Story & photos by Ken Hubbard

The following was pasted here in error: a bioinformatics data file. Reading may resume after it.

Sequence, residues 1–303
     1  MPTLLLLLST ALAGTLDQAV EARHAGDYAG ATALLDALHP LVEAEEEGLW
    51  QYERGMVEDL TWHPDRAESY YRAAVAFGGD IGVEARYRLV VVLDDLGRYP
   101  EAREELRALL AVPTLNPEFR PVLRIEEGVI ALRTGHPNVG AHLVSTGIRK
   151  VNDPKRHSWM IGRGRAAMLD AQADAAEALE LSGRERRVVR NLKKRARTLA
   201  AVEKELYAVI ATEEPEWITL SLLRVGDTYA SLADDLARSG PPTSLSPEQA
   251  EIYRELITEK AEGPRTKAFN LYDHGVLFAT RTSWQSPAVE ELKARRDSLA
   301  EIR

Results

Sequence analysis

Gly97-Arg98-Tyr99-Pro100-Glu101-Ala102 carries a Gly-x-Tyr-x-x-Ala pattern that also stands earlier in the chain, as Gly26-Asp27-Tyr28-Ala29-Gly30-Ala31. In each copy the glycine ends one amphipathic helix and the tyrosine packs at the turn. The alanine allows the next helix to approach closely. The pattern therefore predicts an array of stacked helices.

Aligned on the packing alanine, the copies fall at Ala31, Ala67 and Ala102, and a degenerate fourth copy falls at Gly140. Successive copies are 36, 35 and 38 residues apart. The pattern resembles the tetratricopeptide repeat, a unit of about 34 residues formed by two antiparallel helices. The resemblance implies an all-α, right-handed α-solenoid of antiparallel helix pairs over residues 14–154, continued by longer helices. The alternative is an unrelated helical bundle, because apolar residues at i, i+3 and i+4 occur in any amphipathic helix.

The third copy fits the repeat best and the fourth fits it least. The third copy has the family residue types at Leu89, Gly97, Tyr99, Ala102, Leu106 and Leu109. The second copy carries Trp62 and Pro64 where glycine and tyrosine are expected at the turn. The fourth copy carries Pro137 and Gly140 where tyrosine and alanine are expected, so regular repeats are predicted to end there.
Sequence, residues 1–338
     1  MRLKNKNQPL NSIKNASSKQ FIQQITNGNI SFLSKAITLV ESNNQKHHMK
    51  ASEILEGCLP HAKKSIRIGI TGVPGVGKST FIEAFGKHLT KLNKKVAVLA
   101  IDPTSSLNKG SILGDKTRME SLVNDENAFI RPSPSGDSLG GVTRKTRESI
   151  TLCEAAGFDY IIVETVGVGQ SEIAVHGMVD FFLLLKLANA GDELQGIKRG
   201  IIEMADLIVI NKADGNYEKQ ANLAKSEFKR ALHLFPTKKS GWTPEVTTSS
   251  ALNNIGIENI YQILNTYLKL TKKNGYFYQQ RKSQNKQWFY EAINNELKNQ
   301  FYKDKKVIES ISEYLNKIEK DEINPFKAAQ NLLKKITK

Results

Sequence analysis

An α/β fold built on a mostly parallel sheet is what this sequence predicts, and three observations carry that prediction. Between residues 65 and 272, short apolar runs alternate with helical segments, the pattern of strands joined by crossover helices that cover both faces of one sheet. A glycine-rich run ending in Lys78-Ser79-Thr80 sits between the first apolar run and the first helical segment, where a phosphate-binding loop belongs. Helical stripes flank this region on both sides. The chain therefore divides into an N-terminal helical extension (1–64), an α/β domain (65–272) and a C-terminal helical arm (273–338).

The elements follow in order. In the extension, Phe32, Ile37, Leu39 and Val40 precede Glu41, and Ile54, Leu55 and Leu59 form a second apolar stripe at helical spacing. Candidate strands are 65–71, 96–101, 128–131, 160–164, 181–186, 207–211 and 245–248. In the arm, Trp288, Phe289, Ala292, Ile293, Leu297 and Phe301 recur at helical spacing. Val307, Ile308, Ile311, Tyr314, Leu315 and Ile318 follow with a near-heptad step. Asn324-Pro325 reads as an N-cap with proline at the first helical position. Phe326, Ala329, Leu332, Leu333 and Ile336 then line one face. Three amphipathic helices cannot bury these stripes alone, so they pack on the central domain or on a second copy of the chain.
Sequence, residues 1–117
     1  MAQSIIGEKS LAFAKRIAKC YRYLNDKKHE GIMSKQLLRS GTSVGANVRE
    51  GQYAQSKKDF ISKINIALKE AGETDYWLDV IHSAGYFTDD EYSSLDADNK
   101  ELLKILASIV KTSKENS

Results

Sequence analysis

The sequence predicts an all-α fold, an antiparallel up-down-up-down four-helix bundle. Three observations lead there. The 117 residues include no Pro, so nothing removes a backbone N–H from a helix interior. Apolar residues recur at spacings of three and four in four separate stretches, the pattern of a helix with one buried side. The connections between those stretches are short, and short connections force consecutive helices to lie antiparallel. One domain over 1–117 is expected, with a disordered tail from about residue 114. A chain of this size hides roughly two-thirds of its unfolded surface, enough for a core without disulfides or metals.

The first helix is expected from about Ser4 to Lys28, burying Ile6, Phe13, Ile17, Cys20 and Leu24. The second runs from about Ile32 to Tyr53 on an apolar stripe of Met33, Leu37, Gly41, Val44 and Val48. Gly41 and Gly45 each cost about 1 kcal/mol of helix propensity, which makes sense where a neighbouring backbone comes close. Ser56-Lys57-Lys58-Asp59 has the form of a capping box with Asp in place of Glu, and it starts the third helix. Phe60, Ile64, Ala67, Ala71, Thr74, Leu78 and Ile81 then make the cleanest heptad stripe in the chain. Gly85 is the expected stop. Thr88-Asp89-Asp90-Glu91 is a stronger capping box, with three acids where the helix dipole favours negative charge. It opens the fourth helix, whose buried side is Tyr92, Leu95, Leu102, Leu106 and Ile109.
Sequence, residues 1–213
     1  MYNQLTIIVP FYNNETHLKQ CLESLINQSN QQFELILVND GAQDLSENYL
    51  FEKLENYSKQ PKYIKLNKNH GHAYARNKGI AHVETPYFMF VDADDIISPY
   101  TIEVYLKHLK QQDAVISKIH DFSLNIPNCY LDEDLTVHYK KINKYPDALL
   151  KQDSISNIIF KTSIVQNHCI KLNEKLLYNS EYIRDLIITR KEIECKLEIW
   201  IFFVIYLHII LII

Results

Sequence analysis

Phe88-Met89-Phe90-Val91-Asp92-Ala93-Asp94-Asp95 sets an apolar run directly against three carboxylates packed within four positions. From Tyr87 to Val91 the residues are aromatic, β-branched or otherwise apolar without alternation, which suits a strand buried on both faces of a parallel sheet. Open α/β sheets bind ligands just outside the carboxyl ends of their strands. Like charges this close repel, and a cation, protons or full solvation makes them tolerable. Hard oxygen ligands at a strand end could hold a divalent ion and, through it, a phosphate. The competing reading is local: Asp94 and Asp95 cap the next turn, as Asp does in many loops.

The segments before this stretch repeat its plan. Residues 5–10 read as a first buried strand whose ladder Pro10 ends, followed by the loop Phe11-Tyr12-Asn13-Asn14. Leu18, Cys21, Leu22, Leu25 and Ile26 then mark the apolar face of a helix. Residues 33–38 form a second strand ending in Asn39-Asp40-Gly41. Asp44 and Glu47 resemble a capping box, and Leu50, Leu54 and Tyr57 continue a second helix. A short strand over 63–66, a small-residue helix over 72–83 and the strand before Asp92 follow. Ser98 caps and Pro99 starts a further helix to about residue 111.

Encompassing about 310,000 acres in northwest Wyoming, Grand Teton National Park includes most of the area of Jackson Hole and the Teton Mountain Range. The mountain range got its name from French trappers in the early 19th century, calling them Les Trois tetons. Preservation of the area started in the late 19th century, culminating in the designation of National Park in 1929. The park was named for the tallest peak in the range, Grand Teton, which rises to an elevation of 13,775 feet. With Yellowstone National Park to the north and the John D. Rockefeller Parkway connecting the two, this area is one of the largest mid-latitude temperate ecosystems in the world. Today, Grand Teton National Park, Jackson Hole and the surrounding areas are a playground for outdoor enthusiasts, from skiing to photography.